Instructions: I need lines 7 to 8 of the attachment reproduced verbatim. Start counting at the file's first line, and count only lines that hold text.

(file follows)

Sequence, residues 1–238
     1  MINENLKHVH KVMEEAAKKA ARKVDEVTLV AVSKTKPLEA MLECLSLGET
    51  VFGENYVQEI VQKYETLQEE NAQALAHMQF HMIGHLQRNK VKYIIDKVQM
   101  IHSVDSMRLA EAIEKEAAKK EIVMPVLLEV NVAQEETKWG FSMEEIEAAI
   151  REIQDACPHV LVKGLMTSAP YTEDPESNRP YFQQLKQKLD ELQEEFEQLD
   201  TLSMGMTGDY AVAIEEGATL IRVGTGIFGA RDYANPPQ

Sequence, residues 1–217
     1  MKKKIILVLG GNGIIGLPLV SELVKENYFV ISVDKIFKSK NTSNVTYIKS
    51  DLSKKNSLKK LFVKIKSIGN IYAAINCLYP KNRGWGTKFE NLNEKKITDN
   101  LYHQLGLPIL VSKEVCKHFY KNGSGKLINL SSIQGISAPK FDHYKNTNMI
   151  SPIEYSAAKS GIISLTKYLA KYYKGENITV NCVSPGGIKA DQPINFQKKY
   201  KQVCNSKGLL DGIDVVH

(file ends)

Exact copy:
Sequence, residues 1–217
     1  MKKKIILVLG GNGIIGLPLV SELVKENYFV ISVDKIFKSK NTSNVTYIKS